The sad thing is, for as many women there are who are victimized, I’ve heard a dozen more victim-blaming comments, and the whole “if the women deserved it” mentality carries over into rape jokes. I don’t think this attitude is entirely absent from the above image, but I think the fact that it comes from a female perspective makes it sit better with me. It’s one thing when Michael Richards drops the n-bomb at an annoying audience member and another thing when Dave Chapelle says of Barack Obama, “You don’t wanna be first black president . . . second or third, that’s fine, but, that first nigger better watch his ass.” Politically incorrect humor is just that–politically incorrect. But if we always acted in ways that were “acceptable,” we’d never question the flaws in how we live our lives and view the world. So maybe being a little lenient on the offensive humor has made me lose some feminist cred; I’m not about to live my life without laughing at the absurdities around me.

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We live in a culture that revolves around male sexuality; female sexuality is rather unstudied and warped by male view points. Young women are seen as attractive and passive, while older women are often associated with the “cougar” stereotype. Women who have sex too much are promiscuous and are contributing to the spread of disease, abortion, and the cultural demise of the “family.” Men are more likely to remain bachelors and sleep around; women need to marry because they depend on a man for income. Dr. Laura Berman has come forth from her own research into female sexuality to dispell four common misconceptions about sex & relationships:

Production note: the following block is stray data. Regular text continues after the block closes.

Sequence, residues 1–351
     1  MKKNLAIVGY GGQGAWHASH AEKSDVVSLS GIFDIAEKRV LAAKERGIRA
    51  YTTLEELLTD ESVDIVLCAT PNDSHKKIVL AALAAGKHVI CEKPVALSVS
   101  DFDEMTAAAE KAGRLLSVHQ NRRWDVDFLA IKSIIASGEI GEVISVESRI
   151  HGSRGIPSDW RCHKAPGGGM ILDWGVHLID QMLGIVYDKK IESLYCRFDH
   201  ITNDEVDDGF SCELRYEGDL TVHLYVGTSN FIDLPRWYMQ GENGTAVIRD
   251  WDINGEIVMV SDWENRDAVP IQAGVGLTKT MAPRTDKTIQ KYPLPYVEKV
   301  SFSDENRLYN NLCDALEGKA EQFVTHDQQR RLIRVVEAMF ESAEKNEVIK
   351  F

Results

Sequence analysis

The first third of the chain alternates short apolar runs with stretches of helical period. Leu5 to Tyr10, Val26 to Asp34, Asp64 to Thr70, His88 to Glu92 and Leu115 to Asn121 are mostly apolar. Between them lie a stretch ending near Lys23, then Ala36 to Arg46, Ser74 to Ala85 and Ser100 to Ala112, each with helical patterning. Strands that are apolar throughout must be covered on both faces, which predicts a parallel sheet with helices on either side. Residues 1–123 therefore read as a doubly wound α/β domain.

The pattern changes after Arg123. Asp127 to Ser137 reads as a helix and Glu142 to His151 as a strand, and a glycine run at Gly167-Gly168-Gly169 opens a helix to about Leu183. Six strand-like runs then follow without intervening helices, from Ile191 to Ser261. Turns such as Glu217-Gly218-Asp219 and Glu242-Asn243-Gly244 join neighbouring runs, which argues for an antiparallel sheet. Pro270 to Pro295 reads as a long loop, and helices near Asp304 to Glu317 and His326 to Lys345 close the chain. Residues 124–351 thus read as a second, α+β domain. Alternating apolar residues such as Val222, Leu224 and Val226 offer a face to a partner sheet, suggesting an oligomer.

1. A woman’s sexual performance peaks in her forties, while a man’s peaks in his teens.

Myth. While Planned Parenthood says that the sexual prime for males is around age 17, and that females’ sexual prime is around age 30, these ages actually reflect the genital prime, when sex hormones (testosterone in men; estrogen in women) are highest. But in general, both men’s and women’s sexual performance will peak when they feel most comfortable with themselves and their sexuality. Though this tends to happen between 40 and 60 for both men and women, it can really happen at any age, depending on the person!